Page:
LONDON - Chinese President Xi Jinping heaped praise on Britain for what he called a “visionary and strategic choice” to strengthen commercial ties with China, as he prepared for a state visit to the United Kingdom that’s expected to be richer in pomp and considerably warmer in tone than his recent trip to the United States.
The trip comes at a time of global anxiety about China’s slowing growth. Xi himself acknowledged “concerns about the Chinese economy,” but sought to allay them in a written interview with Reuters.
China itself is worried about the slowing of the broader global economy, Xi said, even while he expressed confidence that China would weather the current downturn as it reshapes its economy to be more resilient in the future.
That confidence will be on display when Xi arrives in London on Monday evening to kick off a four-day visit that is expected to cement ties between Britain and China, including through a host of business deals.
“The U.K. has stated that it will be the Western country that is most open to China. This is a visionary and strategic choice that fully meets Britain’s own long-term interest,” Xi said in a written response to questions.
“China looks forward to engaging with the U.K. in a wider range, at a higher level and in greater depth.”
Xi’s visit comes amid debate in Britain and many other Western countries over what is the best way to engage with a communist-ruled China that has grown more influential economically and diplomatically, but which maintains stances in areas from human rights to the South China Sea that are often at odds with those widely held in the West.
Such tensions were on display when Xi visited the United States last month, with friction over issues from cybertheft to China’s maritime disputes with its neighbors at the center of discussions.
Xi’s visit to Britain, during which he and his wife, Peng Liyuan, will stay at Buckingham Palace as guests of Queen Elizabeth II, is expected to be much warmer, with Xi saying it could be the start of a “golden time” in bilateral relations.
Britain was the first Western nation to join the China-led Asian Infrastructure Investment Bank (AIIB) earlier this year, leading to a stampede of other countries signing up and marking an embarrassment for Washington, which had been pressing its allies not to join.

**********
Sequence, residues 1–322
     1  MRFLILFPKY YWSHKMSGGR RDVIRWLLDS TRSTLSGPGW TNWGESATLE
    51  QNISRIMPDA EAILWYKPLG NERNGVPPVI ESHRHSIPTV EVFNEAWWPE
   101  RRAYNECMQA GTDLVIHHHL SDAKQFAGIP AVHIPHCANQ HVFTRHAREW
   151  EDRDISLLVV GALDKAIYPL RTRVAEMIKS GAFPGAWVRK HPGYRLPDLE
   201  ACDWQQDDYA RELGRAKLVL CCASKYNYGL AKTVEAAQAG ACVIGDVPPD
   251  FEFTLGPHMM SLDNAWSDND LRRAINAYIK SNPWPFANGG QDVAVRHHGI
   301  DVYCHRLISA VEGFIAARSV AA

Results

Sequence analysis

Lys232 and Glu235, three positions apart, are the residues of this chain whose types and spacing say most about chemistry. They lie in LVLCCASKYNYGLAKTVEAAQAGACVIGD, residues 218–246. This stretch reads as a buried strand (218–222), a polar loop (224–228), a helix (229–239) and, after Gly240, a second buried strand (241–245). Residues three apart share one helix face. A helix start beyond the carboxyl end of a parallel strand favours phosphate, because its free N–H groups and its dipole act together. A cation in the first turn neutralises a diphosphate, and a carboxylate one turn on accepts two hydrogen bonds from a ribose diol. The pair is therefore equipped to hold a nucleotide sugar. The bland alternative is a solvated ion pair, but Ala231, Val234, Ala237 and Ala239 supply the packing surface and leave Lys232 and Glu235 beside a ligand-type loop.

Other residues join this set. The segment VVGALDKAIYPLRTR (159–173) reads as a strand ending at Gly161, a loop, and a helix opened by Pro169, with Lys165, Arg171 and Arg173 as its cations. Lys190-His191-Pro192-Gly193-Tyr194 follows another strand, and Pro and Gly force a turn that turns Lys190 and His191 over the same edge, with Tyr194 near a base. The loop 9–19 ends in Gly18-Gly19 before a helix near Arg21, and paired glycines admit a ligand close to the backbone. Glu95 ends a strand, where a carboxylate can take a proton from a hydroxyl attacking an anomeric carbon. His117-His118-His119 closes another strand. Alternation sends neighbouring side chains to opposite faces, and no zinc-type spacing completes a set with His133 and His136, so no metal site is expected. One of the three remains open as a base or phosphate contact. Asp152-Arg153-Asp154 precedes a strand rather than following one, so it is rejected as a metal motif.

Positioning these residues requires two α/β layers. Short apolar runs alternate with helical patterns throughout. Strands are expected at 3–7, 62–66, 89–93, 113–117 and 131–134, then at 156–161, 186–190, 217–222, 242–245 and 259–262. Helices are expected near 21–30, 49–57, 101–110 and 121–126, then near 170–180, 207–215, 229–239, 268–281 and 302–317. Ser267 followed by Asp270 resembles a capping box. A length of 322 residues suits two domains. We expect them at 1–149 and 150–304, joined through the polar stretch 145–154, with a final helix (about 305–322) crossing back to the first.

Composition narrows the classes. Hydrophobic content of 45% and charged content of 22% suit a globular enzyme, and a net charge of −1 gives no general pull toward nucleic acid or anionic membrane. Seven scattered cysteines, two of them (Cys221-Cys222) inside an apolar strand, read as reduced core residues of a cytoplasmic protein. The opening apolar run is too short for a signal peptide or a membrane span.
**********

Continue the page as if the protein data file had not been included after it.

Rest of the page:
At the time, Britain said joining the AIIB at the founding stage would “create an unrivalled opportunity for the U.K. and Asia to invest and grow together.”
British finance minister George Osborne set the tone with a preparatory visit to China last month, when he courted Chinese investment into Britain and won praise from state media for having the “etiquette” not to press human rights issues.
Still, Xi’s visit, the first state visit by a Chinese president since 2005, will not be without potentially awkward moments. Newly installed opposition leader Jeremy Corbyn intends to bring up the issue of human rights when he meets Xi, his official spokesman has said.
Xi called on Britain and other countries to avoid what he characterized as bias against Chinese companies, as Beijing supports firms in fields from high-speed rail to nuclear technology in their efforts to compete for contracts overseas.
“Competition is necessary for a business to grow, and no one will give away a market to its rivals,” Xi said in comments provided in English. “We hope that such competition is benign and market-based. There should be no swing doors or glass doors which are placed as non-economic or non-market-based barriers.”
One deal expected to be inked during Xi’s visit is a plan for two state-owned Chinese utilities to invest in a £16 billion ($25 billion) nuclear power project being built by French utility EDF at Hinkley Point in southwest England.
EDF Energy’s head Vincent de Rivaz has described Xi’s visit as a “timely opportunity” to seal the deal.
China has ambitions to sell its own nuclear technology overseas, including in Western nations. While critics have said that Chinese government support, including cheap financing, for companies in that and other sectors could amount to unfair competition, Xi defended China’s approach.